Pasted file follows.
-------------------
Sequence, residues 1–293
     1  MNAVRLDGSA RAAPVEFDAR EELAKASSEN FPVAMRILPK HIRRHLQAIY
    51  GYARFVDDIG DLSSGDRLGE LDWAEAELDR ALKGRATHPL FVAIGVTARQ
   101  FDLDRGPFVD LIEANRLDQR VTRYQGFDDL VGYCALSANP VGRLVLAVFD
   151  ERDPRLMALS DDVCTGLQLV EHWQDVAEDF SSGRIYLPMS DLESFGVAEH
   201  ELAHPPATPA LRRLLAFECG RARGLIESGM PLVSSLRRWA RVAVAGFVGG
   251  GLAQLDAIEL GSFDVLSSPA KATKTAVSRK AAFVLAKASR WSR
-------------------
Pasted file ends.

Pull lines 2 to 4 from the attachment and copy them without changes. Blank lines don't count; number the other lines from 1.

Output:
     1  MNAVRLDGSA RAAPVEFDAR EELAKASSEN FPVAMRILPK HIRRHLQAIY
    51  GYARFVDDIG DLSSGDRLGE LDWAEAELDR ALKGRATHPL FVAIGVTARQ
   101  FDLDRGPFVD LIEANRLDQR VTRYQGFDDL VGYCALSANP VGRLVLAVFD